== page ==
F. Stokes was on to play next, and he delivered a very strange but thoroughly enjoyable and memorable performance. Manned with only a microphone and a laptop, F. Stokes was determined to make a personal connection with the crowd and get them involved with his songs. He spit many of his songs acappella so that the crowd could hear every word, which was a risky decision after a hype set like Rec League's, but it worked well for the most part thanks to his excellent lyrics. F. Stokes really got into the crowd and showed a lot of people love over the course of his set. He went behind the bar at one point to give Anna a major hug, prompting the crowd to sing Happy Birthday to her once again. He had the entire crowd sit down so he could kick a personal verse over the instrumental to the theme music from "Titanic." He brought a rowdy dude from the crowd nicknamed J-Eazy on stage to be his hype man for "Hang On" since the guy was causing a scene and F. Stokes didn't want him kicked out of the venue. He also pulled me up on stage at one point to teach me how to "high five hug" in a demonstration to the rest of the crowd that had a number of people joining hands. And throughout all of these personal touches, F. Stokes rapped and rapped well. There were a few awkward moments, like when he attempted the impossible task of trying to silence the crowd by telling everyone to say "shhh" to the person next to them, but it was an awesome set overall that's sure to go down in the books for its uniqueness.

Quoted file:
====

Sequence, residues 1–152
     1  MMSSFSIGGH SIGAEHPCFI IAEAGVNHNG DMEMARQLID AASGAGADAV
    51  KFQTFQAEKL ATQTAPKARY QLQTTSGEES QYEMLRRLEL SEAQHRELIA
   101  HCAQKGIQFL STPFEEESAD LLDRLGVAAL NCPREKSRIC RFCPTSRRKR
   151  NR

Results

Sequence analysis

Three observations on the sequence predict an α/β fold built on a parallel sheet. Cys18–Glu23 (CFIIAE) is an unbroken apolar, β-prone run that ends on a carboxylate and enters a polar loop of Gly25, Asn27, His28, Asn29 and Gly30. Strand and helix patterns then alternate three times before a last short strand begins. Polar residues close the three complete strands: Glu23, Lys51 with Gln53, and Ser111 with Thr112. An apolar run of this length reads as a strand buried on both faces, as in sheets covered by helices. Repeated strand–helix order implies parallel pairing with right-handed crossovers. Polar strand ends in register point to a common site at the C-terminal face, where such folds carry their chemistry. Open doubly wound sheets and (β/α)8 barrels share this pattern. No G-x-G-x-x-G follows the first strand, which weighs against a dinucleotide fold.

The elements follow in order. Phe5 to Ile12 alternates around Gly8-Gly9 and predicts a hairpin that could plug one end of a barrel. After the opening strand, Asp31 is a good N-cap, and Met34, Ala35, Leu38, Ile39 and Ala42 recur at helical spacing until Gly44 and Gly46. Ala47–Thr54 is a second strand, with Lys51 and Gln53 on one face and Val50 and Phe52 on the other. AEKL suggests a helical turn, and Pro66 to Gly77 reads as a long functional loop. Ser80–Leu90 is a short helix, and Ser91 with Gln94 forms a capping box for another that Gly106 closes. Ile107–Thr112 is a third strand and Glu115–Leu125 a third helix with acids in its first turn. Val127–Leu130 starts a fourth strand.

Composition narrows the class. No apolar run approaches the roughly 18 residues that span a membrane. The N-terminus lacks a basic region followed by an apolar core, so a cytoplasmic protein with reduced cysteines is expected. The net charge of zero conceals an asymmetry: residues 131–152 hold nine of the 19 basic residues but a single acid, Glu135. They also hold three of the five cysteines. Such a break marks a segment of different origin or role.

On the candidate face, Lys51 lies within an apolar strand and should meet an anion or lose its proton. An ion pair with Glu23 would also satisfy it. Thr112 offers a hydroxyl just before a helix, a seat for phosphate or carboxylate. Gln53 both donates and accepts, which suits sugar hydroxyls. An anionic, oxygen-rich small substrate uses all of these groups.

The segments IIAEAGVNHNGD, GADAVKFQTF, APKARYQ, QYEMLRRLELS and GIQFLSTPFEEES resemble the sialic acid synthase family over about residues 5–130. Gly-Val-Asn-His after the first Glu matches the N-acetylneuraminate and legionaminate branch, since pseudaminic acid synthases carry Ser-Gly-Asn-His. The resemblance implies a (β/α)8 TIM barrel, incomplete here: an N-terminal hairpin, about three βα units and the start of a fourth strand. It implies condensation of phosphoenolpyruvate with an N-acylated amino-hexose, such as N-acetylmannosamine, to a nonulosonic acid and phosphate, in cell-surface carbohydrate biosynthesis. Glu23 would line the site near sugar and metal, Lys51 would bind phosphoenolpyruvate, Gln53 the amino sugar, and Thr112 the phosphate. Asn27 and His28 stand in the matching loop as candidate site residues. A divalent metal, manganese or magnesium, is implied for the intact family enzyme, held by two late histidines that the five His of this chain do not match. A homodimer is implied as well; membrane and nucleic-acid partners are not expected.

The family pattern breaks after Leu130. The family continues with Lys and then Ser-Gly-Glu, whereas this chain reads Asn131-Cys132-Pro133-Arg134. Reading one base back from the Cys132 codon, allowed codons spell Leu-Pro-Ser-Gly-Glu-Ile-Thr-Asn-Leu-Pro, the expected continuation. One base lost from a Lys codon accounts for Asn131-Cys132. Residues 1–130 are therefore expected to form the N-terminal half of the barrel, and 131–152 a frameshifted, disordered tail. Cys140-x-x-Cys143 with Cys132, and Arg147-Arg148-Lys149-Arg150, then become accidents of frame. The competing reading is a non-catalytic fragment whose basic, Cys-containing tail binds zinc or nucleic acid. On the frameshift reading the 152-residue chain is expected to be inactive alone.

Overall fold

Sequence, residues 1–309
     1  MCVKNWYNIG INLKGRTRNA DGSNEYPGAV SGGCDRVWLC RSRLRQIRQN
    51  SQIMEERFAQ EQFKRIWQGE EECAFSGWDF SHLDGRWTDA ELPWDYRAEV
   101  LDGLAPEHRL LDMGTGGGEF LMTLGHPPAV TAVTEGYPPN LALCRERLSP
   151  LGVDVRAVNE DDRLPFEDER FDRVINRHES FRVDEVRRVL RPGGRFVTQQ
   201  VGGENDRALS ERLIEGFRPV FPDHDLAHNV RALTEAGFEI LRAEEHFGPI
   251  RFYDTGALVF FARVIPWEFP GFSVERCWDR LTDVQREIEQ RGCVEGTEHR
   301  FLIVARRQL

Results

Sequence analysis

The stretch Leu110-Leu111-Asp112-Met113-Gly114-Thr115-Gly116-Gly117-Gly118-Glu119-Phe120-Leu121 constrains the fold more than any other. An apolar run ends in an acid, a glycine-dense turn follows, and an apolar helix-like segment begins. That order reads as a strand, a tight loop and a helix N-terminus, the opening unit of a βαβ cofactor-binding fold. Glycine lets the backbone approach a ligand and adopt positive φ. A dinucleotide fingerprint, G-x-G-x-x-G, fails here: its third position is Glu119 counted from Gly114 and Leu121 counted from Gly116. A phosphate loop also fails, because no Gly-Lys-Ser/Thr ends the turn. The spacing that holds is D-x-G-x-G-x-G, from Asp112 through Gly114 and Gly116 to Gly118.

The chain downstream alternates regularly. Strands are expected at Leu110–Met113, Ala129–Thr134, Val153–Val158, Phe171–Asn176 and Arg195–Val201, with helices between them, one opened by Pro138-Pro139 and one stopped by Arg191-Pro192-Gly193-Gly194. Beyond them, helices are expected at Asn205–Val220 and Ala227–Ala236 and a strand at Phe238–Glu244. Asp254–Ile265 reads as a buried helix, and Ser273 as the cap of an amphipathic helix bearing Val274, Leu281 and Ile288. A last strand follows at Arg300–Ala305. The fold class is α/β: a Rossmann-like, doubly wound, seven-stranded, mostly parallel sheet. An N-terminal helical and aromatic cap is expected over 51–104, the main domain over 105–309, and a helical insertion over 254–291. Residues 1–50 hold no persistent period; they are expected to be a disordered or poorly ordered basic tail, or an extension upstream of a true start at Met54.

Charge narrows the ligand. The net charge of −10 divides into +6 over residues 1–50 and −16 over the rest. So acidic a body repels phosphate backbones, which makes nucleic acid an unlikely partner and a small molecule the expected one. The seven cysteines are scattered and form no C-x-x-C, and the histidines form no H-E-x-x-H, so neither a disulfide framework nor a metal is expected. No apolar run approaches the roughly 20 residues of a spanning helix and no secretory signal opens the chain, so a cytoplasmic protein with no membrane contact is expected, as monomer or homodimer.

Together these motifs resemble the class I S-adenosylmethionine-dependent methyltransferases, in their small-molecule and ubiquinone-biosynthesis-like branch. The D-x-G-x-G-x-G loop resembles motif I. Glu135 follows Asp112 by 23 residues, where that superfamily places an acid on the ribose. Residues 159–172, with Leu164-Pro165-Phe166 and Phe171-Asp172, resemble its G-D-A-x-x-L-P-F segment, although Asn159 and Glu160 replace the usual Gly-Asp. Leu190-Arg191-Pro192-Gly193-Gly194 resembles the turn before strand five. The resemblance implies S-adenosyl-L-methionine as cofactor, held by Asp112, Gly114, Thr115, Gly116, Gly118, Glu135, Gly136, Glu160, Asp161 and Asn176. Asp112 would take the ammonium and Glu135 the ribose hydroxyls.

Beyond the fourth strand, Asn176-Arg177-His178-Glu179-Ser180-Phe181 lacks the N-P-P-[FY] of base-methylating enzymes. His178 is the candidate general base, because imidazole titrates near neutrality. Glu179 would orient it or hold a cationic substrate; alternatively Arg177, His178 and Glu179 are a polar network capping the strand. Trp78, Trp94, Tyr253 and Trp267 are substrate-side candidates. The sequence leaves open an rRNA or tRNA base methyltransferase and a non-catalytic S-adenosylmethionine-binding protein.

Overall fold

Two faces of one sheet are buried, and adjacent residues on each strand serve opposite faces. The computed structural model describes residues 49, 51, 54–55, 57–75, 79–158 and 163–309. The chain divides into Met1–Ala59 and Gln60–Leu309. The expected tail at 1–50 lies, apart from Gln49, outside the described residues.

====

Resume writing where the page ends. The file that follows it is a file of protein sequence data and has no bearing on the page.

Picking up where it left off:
Justus Bends came on after F. Stokes as the headliner of the evening, which struck me as kind of strange since he was the one act I hadn't heard of. To be honest, I was caught-up in chatting with some of the heads in attendance during his set and didn't pay much attention to it... but then, a really good show tends to demand your attention, and there was nothing that demanded my attention in Justus Bends' performance. The only bit I remember was a nasally white dude on stage dropping the word "swag" in his verse, which made me tune it out more. Meh, can't win'em all!

Super fun show overall! Good times for sure.

Wednesday, June 22, 2011

Oldominion Continues to Bring the Heat

The Lowdown, 6/22/11

In my not so recent write-up of May's rap releases (or lack thereof), I defaulted on listing anticipated albums that hadn't dropped yet and mentioned that I hadn't heard Iame or Destro's albums yet. Well, now that I own said albums and have given them a number of listens, I have to say that these are two very solid pieces of work that stand out as the best hip hop releases of May by far. They're also some of the year's stronger hip hop releases, and really show off Oldominion's staggering level of quality as of late. So, as to not neglect these excellent pieces of music, here are some words on a blog: